To say we live in a highly visual society is hardly a disruptive thought. Many years ago at UCLA, I studied Marshall McLuhan, the Canadian intellectual whose work in the 1960s theorized that the “medium is the message.” He understood that rich media channels such as television broadcasting was itself more impactful than the content it conveyed. TV, radio, movies – all media that demanded little involvement by the audience – were defined by McLuhan as “high definition” or “hot” or while books, comics and other similar media that required audience involvement were “low definition” or “cool.” And not cool in the way we use the word today. Au contraire.
Today, words and even numbers are comparatively passé. The fact that you’re reading this non-illustrated text is almost a novelty (by the way, thanks, I appreciate it). Take a look at Facebook, Twitter, Reddit, Imgur, Pinterest, and other popular social media. All are visually-driven, even Twitter. In fact, most posts and responses in threads are photos or gifs with few or no words. Why write when you can “curate” and post a graphic someone has already created? If someone posts something funny, you can join in the “conversation” merely by uploading a GIF of a laughing character from a popular TV show. You don’t even have to write a single word to get your message across.
This isn’t to say the trend to go visual is a bad thing. In fact, it’s brought a wealth of benefits to business.
For example, an accumulation of data – just numbers – in an Excel spreadsheet may be incredibly valuable in understanding how something like sales goes up or down (although context is required to understand why). But take that data and portray it in a graph or chart and the information becomes understandable far faster. And, with colors and shapes, it’s far more interesting.
So it’s quite natural that, with such a ubiquitous influence in their daily lives, companies and their employees demand graphical data integrated into their work processes. Twenty years ago, it was quite a different story. But research has shown that 65% of people are visual learners; they can see, digest and act upon information faster when it’s presented in an easy-to-understand visual way. Excel by itself takes too long to absorb. And it’s hard to spot trends and anomalies. Graphic representations makes it easier to understand and easy to see where action can be taken to improve results.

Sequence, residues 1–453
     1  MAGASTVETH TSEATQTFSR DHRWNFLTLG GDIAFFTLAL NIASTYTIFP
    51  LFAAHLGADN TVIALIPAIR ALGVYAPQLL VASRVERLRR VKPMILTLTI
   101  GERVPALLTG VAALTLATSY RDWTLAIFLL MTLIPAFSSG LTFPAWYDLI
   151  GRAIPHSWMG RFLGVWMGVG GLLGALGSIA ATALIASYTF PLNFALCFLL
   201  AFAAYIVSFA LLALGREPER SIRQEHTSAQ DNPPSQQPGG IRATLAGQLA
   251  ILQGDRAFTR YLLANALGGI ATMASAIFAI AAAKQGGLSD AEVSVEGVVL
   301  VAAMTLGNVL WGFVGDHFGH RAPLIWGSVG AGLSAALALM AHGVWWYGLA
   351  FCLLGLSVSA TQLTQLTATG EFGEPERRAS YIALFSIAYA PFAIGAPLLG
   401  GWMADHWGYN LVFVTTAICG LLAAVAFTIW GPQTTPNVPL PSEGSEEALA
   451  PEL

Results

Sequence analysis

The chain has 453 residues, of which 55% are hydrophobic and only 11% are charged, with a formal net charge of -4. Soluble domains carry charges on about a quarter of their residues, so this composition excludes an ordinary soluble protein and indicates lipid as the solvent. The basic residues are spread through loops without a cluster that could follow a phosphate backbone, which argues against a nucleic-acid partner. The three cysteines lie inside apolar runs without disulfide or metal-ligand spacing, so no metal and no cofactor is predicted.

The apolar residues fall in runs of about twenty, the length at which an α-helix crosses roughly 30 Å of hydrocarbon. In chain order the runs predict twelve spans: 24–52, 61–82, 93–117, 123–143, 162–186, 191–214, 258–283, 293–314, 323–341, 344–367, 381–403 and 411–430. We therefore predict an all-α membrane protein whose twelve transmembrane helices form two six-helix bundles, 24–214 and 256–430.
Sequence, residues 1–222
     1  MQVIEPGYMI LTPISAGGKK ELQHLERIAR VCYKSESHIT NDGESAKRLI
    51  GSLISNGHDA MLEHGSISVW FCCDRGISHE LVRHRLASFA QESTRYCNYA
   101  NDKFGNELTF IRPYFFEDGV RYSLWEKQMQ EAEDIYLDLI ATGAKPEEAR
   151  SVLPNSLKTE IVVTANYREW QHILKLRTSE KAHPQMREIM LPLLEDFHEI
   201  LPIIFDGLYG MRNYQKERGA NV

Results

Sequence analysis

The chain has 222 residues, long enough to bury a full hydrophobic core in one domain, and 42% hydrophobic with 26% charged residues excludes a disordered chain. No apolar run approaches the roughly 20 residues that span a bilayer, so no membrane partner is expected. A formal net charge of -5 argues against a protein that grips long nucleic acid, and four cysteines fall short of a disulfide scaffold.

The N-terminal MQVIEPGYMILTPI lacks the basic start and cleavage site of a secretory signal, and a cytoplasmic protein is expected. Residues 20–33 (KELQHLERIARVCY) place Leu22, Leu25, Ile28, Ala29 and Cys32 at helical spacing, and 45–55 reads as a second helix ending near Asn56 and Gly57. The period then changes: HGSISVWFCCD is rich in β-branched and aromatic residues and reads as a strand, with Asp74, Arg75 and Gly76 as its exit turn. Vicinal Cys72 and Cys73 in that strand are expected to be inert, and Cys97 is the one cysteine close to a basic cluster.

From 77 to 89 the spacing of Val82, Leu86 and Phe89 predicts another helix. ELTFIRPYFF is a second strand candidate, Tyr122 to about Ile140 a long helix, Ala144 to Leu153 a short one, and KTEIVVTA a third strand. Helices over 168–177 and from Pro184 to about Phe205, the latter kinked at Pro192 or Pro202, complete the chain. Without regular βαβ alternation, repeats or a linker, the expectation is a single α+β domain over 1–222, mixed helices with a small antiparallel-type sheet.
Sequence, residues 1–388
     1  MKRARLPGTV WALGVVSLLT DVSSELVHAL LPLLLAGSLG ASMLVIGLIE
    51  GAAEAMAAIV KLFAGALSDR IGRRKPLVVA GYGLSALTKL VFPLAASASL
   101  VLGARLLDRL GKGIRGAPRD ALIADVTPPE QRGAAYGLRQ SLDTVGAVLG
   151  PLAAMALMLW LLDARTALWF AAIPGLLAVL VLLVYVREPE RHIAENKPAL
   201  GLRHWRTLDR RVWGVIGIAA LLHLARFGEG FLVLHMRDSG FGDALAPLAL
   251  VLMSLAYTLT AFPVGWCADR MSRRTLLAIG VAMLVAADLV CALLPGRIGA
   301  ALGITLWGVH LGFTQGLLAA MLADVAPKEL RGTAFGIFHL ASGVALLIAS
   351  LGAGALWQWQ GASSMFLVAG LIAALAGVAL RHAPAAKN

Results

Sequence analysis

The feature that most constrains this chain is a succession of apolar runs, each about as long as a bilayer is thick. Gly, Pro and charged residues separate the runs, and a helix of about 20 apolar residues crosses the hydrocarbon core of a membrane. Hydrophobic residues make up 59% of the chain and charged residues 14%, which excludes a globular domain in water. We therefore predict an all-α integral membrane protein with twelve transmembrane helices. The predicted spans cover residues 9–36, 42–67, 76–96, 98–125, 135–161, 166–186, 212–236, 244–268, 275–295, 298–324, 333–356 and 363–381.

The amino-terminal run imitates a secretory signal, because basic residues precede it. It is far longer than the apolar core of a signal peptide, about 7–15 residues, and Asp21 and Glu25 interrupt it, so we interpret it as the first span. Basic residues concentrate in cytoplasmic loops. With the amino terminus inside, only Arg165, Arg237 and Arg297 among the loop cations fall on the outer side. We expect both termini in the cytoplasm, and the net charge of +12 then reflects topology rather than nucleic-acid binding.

In our realm of conducting thorough background checks worldwide, HireRight has grasped this dynamic and offers clients a wealth of useful data in HireRight Analytics.
Within an attractive dashboard, we can break down how long each background check component takes in a visual manner. For example, we can illustrate the complete flow of a background check in a bar chart so our clients can see what processes comprise turnaround time – how long the candidate took to provide necessary information, how long the adjudication process took, and so on. It provides all the data our clients need in a simple visual format so HR managers can have all the data they need at their fingertips.
As HireRight Analytics readily demonstrates, data presented in a visual manner is dramatically superior to older, numbers-based information for achieving business value.
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